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Apr 23

April 23, 2012 in Alzheimer’s disease & dementia

Cognitive decline is a pressing global health care issue. Worldwide, one case of dementia is detected every seven seconds. Mild cognitive impairment is a well recognized risk factor for dementia, and represents a critical window of opportunity for intervening and altering the trajectory of cognitive decline in seniors.

A new study by researchers at the Centre for Hip Health and Mobility at Vancouver Coastal Health and the University of British Columbia shows that implementing a seniors’ exercise program, specifically one using resistance-training, can alter the trajectory of decline. Perhaps most importantly, the program improved the executive cognitive process of selective attention and conflict resolution as well as associative memory, which are robust predictors of conversion from mild cognitive impairment to dementia.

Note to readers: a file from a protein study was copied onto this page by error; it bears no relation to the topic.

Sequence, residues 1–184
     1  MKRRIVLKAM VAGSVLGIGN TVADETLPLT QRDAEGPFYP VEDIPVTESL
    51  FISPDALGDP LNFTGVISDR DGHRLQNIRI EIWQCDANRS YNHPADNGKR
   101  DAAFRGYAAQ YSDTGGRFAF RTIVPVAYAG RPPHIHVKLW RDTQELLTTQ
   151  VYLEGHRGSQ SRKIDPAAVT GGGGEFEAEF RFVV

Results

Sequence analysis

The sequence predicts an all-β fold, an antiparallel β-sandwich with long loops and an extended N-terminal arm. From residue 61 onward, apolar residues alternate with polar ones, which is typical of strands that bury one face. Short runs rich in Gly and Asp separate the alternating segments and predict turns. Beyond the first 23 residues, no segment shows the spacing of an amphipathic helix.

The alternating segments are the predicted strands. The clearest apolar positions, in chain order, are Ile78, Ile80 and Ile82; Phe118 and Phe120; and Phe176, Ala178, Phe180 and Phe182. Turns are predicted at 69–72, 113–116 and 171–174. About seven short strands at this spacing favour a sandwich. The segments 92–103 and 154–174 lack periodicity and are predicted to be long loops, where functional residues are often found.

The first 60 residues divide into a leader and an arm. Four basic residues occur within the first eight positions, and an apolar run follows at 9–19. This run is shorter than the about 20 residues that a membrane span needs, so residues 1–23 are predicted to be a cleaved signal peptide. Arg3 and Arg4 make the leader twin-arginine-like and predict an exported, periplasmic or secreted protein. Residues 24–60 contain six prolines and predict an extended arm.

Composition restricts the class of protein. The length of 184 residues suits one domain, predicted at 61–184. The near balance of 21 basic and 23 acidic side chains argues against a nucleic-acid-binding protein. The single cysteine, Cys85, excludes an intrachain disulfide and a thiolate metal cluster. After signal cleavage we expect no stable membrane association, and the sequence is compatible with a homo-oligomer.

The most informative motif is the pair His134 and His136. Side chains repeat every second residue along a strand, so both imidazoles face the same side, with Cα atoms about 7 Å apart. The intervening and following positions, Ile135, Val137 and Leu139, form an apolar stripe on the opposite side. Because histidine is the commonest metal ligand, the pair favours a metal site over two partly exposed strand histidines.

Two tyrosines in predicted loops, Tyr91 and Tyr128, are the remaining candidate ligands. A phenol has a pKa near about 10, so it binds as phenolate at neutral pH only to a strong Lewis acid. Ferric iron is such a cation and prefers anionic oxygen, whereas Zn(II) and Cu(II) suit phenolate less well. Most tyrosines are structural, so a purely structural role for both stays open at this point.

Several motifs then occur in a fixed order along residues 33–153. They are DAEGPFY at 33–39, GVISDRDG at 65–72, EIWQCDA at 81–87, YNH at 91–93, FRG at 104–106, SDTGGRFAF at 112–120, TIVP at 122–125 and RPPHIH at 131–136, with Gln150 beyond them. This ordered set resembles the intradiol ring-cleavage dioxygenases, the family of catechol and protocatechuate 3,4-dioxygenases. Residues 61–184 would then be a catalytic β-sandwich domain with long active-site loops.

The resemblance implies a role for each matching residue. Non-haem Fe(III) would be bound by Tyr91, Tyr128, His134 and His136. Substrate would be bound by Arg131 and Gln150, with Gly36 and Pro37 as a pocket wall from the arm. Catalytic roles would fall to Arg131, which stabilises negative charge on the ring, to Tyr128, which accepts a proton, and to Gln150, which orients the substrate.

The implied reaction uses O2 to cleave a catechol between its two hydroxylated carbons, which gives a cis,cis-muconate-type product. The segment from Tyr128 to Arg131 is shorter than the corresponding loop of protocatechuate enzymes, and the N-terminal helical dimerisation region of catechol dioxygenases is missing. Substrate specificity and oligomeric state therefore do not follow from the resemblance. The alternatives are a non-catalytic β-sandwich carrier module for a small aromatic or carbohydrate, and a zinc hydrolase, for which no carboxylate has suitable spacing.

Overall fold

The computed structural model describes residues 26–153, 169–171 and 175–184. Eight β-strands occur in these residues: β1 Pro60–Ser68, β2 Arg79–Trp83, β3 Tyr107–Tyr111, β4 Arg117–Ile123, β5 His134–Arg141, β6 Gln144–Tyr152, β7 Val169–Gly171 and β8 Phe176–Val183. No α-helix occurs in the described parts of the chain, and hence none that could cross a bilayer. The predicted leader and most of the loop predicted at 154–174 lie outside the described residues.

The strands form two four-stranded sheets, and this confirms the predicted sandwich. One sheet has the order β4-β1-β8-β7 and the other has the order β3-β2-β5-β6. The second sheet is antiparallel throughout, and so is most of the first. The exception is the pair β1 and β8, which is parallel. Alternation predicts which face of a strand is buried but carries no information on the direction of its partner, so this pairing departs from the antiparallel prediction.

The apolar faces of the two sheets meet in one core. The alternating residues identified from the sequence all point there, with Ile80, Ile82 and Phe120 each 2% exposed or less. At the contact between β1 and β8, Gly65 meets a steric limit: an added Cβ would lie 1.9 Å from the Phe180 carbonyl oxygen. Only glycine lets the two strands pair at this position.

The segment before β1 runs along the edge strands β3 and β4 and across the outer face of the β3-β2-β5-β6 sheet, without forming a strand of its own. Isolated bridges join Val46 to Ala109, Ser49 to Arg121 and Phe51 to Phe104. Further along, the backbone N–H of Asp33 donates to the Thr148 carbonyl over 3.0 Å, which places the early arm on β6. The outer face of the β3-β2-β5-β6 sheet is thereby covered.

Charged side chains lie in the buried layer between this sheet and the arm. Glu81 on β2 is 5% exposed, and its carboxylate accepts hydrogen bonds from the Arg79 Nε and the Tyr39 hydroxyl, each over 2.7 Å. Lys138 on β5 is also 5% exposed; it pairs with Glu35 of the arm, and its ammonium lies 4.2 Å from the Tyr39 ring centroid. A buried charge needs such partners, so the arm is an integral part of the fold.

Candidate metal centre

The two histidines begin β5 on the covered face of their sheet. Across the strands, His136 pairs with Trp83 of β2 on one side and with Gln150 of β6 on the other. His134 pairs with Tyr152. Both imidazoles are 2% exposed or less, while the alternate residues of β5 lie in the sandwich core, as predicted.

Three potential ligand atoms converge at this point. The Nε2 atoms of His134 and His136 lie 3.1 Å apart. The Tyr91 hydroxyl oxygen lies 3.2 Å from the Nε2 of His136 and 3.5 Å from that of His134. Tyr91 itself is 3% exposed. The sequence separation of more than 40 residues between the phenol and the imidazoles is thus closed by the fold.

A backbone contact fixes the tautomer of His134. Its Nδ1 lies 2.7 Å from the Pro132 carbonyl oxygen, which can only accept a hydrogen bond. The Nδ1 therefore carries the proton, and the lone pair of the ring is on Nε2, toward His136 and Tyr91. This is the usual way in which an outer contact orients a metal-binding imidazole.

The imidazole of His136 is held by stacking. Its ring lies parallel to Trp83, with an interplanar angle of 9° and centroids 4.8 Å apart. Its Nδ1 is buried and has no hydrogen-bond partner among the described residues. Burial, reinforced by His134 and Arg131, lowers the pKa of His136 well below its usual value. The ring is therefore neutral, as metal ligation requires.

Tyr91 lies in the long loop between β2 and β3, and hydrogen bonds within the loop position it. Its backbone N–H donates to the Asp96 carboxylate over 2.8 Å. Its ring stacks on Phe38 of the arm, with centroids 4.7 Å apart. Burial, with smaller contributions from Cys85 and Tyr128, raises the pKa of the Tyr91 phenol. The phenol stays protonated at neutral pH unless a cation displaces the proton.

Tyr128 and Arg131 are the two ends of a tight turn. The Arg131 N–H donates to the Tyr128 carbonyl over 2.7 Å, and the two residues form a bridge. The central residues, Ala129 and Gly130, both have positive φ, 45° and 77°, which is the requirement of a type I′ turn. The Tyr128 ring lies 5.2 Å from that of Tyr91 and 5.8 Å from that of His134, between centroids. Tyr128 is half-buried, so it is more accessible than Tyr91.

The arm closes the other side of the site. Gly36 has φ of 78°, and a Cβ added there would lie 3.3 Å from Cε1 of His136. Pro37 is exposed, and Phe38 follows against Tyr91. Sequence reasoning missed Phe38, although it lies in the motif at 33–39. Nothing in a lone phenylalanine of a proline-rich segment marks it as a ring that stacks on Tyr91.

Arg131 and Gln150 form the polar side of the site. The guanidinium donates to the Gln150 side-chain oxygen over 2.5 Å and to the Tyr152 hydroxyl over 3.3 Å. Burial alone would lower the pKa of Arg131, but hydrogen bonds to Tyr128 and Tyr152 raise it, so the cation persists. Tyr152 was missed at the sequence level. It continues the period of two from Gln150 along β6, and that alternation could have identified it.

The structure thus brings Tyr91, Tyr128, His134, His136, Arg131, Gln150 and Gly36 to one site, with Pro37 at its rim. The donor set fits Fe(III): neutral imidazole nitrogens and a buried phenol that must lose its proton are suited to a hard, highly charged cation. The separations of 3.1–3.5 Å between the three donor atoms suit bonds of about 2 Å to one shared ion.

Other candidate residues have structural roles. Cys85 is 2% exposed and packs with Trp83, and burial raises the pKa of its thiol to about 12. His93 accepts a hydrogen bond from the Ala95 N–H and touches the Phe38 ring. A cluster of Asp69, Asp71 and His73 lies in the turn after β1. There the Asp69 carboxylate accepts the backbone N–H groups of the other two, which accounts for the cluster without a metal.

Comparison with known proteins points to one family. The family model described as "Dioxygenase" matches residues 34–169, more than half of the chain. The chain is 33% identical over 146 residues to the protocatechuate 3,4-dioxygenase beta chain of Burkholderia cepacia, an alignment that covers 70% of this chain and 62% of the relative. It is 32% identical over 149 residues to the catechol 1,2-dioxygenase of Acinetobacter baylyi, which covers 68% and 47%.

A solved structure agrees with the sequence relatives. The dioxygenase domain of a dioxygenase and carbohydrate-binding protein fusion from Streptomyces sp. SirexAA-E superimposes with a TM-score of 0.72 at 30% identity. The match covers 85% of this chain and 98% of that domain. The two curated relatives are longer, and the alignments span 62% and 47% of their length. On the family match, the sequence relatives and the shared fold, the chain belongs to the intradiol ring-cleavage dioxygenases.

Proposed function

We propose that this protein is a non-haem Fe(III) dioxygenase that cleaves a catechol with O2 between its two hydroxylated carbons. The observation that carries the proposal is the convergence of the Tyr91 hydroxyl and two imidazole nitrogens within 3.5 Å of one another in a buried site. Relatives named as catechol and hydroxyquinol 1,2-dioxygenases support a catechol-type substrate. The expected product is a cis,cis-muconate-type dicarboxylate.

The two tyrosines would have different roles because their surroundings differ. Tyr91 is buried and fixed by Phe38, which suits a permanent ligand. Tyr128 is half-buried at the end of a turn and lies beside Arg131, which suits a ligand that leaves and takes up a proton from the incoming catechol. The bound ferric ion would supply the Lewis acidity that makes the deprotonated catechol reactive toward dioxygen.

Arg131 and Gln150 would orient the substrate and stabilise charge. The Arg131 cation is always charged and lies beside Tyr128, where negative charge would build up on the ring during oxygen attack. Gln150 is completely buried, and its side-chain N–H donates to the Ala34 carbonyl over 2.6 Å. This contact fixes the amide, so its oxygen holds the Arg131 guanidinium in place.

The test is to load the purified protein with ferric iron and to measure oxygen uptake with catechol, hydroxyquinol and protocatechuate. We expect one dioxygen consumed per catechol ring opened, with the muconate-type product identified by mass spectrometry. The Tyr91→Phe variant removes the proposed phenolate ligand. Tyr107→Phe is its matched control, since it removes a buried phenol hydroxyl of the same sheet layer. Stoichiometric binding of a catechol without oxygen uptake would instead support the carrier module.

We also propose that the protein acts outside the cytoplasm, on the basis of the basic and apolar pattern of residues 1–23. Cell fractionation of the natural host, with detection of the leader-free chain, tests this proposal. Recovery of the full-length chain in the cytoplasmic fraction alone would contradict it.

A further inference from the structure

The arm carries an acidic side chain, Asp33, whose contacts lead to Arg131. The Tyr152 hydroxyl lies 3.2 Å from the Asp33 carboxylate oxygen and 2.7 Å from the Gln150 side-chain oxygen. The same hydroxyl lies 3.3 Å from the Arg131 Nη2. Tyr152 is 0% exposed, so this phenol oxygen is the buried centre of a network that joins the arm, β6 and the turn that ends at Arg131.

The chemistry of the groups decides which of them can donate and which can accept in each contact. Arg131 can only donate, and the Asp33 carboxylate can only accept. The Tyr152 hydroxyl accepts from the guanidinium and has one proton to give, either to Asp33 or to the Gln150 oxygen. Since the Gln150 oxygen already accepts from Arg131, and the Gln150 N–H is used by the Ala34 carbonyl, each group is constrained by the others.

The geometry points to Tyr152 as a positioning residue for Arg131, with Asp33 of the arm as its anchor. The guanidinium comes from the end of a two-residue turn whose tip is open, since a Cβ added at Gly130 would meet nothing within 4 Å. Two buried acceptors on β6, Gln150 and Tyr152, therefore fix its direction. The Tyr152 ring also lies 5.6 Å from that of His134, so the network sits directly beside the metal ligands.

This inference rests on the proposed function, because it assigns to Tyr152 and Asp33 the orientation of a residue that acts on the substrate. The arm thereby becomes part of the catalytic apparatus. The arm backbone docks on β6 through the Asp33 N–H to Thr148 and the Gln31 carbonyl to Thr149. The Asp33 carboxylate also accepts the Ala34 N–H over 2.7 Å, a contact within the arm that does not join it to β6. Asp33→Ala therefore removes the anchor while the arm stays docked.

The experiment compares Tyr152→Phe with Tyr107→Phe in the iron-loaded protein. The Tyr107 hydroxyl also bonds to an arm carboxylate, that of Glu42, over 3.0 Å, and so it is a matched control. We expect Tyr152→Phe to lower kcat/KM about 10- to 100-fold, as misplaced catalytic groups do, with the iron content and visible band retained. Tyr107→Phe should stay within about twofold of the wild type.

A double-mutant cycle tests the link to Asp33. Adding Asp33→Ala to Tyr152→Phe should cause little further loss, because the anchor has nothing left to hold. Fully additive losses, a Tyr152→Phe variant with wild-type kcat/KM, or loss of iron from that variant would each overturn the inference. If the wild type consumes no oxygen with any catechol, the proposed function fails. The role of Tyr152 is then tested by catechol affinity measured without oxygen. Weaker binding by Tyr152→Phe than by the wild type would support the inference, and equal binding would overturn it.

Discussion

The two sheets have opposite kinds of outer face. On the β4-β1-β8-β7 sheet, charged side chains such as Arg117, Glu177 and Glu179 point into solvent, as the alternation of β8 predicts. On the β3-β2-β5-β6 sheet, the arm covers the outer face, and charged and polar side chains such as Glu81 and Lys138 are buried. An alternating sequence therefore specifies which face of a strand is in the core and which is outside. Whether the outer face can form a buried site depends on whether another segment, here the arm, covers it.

Over the course of six months, the study team followed 86 senior women with probable . The is the first to compare the efficacy of both resistance and aerobic training to improve executive cognitive functions – such as attention, memory, problem solving and decision making – necessary for independent living. The trial also assessed the effect of both types of exercise on associative memory performance and corresponding functional .

Both types of exercise were performed twice weekly for six months. Participants were measured with a series of cognitive tests and brain plasticity was assessed using functional MRI. The results showed resistance-training significantly improved executive cognitive functions, associative , and functional brain plasticity. In contrast to previous studies in healthy older adults, aerobic training did not demonstrate any significant effect for cognitive and brain plasticity.



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